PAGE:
Traffic modelling and analysis of next generation networks.
Walingo, Tom Mmbasu.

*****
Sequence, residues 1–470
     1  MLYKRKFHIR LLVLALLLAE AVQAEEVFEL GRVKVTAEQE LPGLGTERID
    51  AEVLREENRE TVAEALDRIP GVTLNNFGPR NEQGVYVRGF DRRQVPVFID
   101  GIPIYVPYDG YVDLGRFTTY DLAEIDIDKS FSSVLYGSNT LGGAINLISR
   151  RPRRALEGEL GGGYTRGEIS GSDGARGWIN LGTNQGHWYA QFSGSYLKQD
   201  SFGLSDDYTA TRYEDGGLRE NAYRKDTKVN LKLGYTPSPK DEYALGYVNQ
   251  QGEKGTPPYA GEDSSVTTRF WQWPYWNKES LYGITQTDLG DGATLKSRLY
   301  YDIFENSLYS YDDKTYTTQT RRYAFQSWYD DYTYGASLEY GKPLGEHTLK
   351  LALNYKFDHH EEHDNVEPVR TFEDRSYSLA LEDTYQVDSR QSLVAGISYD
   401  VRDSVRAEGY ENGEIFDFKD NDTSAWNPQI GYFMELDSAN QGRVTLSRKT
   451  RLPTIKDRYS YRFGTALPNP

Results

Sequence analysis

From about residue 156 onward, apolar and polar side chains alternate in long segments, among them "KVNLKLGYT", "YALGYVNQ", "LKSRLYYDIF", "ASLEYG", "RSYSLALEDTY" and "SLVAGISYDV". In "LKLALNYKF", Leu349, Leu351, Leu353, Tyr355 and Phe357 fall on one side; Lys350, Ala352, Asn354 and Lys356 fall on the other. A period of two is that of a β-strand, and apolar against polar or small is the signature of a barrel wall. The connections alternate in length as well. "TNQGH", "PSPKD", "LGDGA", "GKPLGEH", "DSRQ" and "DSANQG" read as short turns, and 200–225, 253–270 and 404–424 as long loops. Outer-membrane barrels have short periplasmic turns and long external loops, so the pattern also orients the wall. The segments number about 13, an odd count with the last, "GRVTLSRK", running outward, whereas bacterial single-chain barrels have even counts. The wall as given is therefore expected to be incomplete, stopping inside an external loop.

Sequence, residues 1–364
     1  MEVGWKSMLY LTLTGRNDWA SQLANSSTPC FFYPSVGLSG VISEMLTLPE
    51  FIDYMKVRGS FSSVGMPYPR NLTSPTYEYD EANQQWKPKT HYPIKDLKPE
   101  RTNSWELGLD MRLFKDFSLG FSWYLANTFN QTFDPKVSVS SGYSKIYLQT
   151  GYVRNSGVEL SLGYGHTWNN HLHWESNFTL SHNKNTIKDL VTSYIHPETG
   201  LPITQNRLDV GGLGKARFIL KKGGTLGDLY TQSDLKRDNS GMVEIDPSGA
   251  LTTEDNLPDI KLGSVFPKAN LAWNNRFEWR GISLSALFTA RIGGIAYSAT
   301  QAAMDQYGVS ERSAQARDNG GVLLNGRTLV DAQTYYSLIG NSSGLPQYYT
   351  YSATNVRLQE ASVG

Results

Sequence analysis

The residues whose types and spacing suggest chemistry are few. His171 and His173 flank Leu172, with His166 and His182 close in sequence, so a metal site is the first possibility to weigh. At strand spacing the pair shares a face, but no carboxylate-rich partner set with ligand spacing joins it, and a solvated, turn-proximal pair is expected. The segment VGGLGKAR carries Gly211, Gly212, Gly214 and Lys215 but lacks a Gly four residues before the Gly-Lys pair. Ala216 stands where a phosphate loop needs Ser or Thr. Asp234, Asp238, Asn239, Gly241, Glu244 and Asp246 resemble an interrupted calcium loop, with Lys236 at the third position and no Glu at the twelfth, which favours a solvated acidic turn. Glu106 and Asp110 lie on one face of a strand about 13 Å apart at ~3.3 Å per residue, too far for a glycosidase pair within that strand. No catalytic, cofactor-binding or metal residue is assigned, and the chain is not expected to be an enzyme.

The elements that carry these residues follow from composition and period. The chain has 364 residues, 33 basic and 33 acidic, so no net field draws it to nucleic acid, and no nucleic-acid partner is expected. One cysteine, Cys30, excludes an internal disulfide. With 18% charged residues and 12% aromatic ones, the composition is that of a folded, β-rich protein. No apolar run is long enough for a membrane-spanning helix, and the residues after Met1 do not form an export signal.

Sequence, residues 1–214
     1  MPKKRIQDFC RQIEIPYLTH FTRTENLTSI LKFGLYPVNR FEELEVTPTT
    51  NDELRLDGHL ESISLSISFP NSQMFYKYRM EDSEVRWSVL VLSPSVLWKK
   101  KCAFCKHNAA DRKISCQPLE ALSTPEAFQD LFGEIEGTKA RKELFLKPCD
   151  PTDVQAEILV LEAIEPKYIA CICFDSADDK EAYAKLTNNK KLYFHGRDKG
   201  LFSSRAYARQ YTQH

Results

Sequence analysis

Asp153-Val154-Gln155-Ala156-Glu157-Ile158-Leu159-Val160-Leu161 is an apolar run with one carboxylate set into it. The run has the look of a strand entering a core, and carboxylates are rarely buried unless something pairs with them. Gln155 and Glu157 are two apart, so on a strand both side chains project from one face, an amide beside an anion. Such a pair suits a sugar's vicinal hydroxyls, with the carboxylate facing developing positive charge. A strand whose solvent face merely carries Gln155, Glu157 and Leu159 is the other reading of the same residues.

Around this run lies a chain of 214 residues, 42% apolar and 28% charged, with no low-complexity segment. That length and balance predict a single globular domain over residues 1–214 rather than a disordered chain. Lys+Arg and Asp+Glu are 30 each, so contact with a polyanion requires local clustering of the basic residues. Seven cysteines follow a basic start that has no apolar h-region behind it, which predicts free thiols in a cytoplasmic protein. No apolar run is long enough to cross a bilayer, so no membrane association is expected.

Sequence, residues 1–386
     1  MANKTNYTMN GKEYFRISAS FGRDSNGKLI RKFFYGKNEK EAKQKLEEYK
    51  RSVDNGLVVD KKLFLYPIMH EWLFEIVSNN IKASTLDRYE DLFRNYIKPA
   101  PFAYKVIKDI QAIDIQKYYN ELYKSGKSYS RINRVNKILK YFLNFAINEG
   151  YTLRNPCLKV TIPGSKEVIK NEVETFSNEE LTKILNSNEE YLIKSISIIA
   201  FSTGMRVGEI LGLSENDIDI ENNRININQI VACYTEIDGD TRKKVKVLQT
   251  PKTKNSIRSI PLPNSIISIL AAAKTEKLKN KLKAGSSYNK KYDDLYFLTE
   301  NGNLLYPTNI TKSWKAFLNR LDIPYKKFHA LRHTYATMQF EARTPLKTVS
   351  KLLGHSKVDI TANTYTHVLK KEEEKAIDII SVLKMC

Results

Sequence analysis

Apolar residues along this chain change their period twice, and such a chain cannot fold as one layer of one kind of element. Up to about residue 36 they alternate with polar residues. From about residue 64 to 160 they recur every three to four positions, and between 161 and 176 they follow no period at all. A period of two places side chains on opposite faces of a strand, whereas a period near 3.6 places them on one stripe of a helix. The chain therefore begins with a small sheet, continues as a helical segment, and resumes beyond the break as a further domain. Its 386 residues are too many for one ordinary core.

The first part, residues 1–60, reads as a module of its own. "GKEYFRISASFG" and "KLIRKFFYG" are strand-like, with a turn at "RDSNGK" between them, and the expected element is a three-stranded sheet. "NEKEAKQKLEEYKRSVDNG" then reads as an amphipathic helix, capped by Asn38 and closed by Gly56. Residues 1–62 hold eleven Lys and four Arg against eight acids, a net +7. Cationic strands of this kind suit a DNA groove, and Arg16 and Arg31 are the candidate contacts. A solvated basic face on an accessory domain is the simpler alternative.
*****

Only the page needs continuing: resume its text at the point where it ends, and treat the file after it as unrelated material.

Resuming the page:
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Wireless communication systems have demonstrated tremendous growth over the last decade, and this growth continues unabated worldwide. The networks have evolved from analogue based first generation systems to third generation systems and further. We are envisaging a Next Generation Network (NGN) that should deliver anything anywhere anytime, with full quality of service (QoS) guarantees. Delivering anything anywhere anytime is a challenge that is a focus for many researchers. Careful teletraffic design is required for this ambitious project to be realized. This research goes through the protocol choices, design factors, performance measures and the teletraffic analysis, necessary to make the project feasible. The first significant contribution of this thesis is the development of a Call Admission Control (CAC) model as a means of achieving QoS in the NGN’s. The proposed CAC model uses an expanded set of admission control parameters. The existing CAC schemes focus on one major QoS parameter for CAC; the Code Division Multiple Access (CDMA) based models focus on the signal to interference ratio (SIR) while the Asynchronous Transfer Mode (ATM) based models focus on delay. A key element of NGN’s is inter-working of many protocols and hence the need for a diverse set of admission control parameters. The developed CAC algorithm uses an expanded set of admission control parameters (SIR, delay, etc). The admission parameters can be generalized as broadly as the design engineer might require for a particular traffic class without rendering the analysis intractable. The second significant contribution of this thesis is the presentation of a complete teletraffic analytical model for an NGN. The NGN network features the following issues; firstly, NGN call admission control algorithm, with expanded admission control parameters; secondly, multiple traffic types, with their diverse demands; thirdly, the NGN protocol issues such as CDMA’s soft capacity and finally, scheduling on both the wired and wireless links. A full teletraffic analysis with all analytical challenges is presented. The analysis shows that an NGN teletraffic model with more traffic parameters performs better than a model with less traffic parameters. The third contribution of the thesis is the extension of the model to traffic arrivals that are not purely Markovian. This work presents a complete teletraffic analytical model with Batch Markovian Arrival (BMAP) traffic statistics unlike the conventional Markovian types. The Markovian traffic models are deployed for analytical simplicity at the expense of realistic traffic types. With CAC, the BMAP processes become non-homogeneous. The analysis of homogeneous BMAP process is extended to non-homogeneous processes for the teletraffic model in this thesis. This is done while incorporating all the features of the NGN network. A feasible analytical model for an NGN must combine factors from all the areas of the protocol stack. Most models only consider the physical layer issues such as SIR or the network layer issues such as packet delay. They either address call level issues or packet level issues on the network. The fourth contribution has been to incorporate the issues of the transport layer into the admission control algorithm. A complete teletraffic analysis of our network with the effects of the transport layer protocol, the Transmission Control Protocol (TCP), is performed. This is done over a wireless channel. The wireless link and the protocol are mathematically modeled, there-after, the protocols effect on network performance is thoroughly presented.